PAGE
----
In Germany you better have pretzels and massive steins of beer ready for us. In Italy we want endless pasta, gelato and Roman ruins, all the time every day. These are our first and most lasting perceptions of these countries. Are they representative of the modern nation-states? Eh, no, not entirely. But I don’t think that really matters and here’s why.

Making the Decision to Go – The Hardest Part of Long-Term Travel at BootsnAll

Round the world (RTW) travel, career breaks, sabbaticals, gap years, or any extended travel for that matter, is, at the core, not about logistics. It’s not about getting the time off work, saving enough money, or the perfect itinerary either. These are important things to work out, of course, but something critical has to happen before any of this. You have to decide to go. It sounds obvious, but most people never have this experience because they quite simply can’t or won’t decide.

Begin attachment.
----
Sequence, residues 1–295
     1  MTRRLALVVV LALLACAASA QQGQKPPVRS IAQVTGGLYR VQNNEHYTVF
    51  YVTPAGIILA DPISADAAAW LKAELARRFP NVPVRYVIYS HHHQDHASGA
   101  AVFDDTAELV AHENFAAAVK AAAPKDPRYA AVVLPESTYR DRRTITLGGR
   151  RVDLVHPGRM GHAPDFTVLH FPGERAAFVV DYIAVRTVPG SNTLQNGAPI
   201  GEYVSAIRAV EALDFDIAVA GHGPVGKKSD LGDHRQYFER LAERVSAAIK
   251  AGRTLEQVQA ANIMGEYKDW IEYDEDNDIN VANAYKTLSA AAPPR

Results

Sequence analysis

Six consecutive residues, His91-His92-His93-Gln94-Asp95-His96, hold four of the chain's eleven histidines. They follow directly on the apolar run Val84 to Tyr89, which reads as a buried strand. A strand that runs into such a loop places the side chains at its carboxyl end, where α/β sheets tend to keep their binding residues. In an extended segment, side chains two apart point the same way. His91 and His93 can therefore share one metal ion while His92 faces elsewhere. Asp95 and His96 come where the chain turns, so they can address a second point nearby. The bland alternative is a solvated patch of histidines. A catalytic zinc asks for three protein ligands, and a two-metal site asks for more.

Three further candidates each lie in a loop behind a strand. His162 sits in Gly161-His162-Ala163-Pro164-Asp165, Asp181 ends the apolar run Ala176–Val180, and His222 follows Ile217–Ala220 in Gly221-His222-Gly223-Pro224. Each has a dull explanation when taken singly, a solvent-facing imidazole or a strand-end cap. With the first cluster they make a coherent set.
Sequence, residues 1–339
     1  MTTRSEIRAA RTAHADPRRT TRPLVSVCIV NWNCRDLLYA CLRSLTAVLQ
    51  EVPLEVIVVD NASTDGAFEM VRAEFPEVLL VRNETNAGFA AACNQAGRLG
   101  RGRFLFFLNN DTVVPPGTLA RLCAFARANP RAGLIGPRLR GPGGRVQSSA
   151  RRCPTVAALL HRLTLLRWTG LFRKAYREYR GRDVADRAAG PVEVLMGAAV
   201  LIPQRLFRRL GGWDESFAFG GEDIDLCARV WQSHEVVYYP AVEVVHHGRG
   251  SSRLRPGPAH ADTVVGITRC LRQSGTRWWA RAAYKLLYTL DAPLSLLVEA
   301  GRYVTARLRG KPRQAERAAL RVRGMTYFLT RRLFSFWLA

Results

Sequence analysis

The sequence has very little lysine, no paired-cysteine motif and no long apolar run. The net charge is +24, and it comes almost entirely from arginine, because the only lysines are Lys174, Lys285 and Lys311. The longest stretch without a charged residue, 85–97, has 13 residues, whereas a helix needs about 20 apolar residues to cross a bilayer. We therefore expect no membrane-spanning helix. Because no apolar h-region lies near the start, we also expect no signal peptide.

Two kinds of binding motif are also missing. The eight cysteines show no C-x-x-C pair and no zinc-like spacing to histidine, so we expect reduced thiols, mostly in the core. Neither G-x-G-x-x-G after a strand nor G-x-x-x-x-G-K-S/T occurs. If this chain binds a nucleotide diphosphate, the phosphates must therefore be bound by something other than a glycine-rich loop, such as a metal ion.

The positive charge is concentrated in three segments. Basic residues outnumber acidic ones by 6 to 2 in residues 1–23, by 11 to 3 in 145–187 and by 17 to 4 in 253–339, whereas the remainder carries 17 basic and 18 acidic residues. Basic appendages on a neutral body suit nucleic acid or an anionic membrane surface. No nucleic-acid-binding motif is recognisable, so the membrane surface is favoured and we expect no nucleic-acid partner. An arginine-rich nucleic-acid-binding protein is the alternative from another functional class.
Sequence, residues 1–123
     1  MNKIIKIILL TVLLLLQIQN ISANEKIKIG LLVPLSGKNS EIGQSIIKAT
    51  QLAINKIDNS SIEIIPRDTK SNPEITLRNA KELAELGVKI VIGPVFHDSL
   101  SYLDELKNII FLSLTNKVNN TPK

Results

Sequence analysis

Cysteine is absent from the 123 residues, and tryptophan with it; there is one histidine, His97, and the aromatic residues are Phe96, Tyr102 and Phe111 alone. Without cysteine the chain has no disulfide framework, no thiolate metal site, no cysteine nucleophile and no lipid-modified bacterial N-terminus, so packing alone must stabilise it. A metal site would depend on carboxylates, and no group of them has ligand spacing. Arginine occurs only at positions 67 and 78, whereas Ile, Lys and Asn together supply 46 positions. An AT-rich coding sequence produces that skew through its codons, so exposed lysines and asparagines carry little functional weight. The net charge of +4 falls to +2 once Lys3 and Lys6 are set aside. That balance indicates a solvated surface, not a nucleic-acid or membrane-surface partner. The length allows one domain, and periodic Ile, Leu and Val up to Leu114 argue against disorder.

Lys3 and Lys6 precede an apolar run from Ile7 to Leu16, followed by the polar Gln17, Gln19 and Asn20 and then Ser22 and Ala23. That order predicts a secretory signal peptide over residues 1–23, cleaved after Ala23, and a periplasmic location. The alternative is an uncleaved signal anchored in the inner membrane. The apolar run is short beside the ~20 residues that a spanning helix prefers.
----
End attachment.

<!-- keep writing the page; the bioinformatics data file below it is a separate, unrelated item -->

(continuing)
Maui’s Adrenaline Rush Kahekili Highway at Otts World

The Kahekili Highway (Hawaii state highway 340) lives in the shadow of it’s big well-known brother – the Road to Hana. However, this highway along Maui’s North shore was no Road to Hana, because it was 10 times better than the Road to Hana.

A Quick and Dirty Guide to the Appalachian Trail at PMags

Planning for an extended trek on the Appalachian Trail can be easy. There are probably hundreds of books,websites, articles and guides on how to backpack on this trail. For the same reason, planning a hike on the Appalachian Trail can be intimidating.

Life’s Too Short to Settle for Average Love at Get Busy Living

After talking to Eleanor everyday, I decided that I had to be with her in the same city. I was enjoying my time in Taipei and going to class, but without her there, it wasn’t the same for me. The only thing that made me happy was in Australia.